|Does the new Best of The Danny Kaye Show DVD really contain the series' best episodes?|
After a two-year wait, a second collection of episodes of The Danny Kaye Show are finallly about to be released on DVD. Come Oct. 7, The Best of The Danny Kaye Show will contain six episodes on two discs—three black-and-white shows from the first season and three color shows from seasons three and four.
Usually, those who put together any “Best of” collection aren’t overly concerned with selecting the absolute best. It’s a marketing ploy. They typically opt for the episodes or clips that are easiest to get the rights for (which explains why the “Best of Danny Kaye” VHS release of 20 years ago lacked third-party songs and big-name guest stars).
And, certainly, ease of rights issue must have been a factor with this new DVD. Nevertheless, the producers are indeed telling the truth: the release does feature the Best of The Danny Kaye Show.
Here’s what they chose:
Episode 1 (aired Sept. 25, 1963) Critics consider the premiere to be the finest episode in the history of the series. It guest-stars Jackie Cooper, short-lived co-star Lovelady Powell, and a terrific cameo by Jack Benny. Three baseball-themed versions of popular musicals (like My Fair Umpire) are the highlight, and Danny also does a sketch playing the mishap-prone “Victim,” which would become his first recurring character.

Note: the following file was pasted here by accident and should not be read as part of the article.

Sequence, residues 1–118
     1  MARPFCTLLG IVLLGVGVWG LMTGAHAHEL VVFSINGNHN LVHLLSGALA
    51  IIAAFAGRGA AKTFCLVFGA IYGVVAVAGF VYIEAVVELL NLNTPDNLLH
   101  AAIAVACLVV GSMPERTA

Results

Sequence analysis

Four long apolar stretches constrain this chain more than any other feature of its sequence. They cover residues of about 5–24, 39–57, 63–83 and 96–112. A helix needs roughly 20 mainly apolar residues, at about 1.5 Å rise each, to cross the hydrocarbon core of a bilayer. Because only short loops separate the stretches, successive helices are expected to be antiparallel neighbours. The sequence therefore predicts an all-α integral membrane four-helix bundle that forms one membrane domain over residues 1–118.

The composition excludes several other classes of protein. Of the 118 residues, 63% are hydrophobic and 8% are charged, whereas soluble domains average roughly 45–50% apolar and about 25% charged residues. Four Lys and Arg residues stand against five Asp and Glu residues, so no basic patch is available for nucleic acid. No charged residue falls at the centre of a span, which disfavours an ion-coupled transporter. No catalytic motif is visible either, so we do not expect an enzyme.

Episode 5 (aired Oct. 23, 1963) Even though this episode had a troubled production, with Lovelady Powell’s scenes all cut out and Michelle Lee stepping in to tape replacements, the installment is considered a minor classic. You can thank guest Gene Kelly, who works wonderfully with Kaye, performing “Ballin’ the Jack,” a medley, and Danny’s linguini recipe. Kaye, in drag, also introduces beauty expert Miss Schmeckenvasser—his second recurring character.
Episode 20 (aired Jan. 22, 1964) Another winner, the show—taped on Danny’s 53rd birthday and airing four days later—guest stars Art Carney (who was always at the top of his game during his three appearances on The Danny Kaye Show) and includes a Twilight Zone spoof featuring Rod Serling.
Episode 70 (Sept. 15, 1965) The episodes on the second disk (like most of the series’ third and fourth seasons) aren’t nearly as funny as earlier shows, but they’re always sunnier (few series gained as much from switching to color as did Kaye’s) and a notch above musically. Guest Harry Belafonte worked wonderfully with Danny, who seems particulary at ease—his old director returned to direct this one episode. It was so good that the five episodes taped before it were aired later in the season, so this one could be the season premiere.
Episode 83 (Jan. 5, 1966) Visits from Liza Minelli, Alan Young, and singer John Gary, whom Danny’s production company was grooming to host a variety show as Kaye’s summer replacement.
Episode 101 (Oct. 5, 1966) Danny hits it off with Ella Fitzgerald and performs one of his ethnic fairy tales, this one Irish: “Little Green Riding Hood.”
All in all, it would be difficult to pick six better episodes. That won’t stop me from trying. Next week, I’ll share six episodes that I’d love to see on the next Best of The Danny Kaye Show release.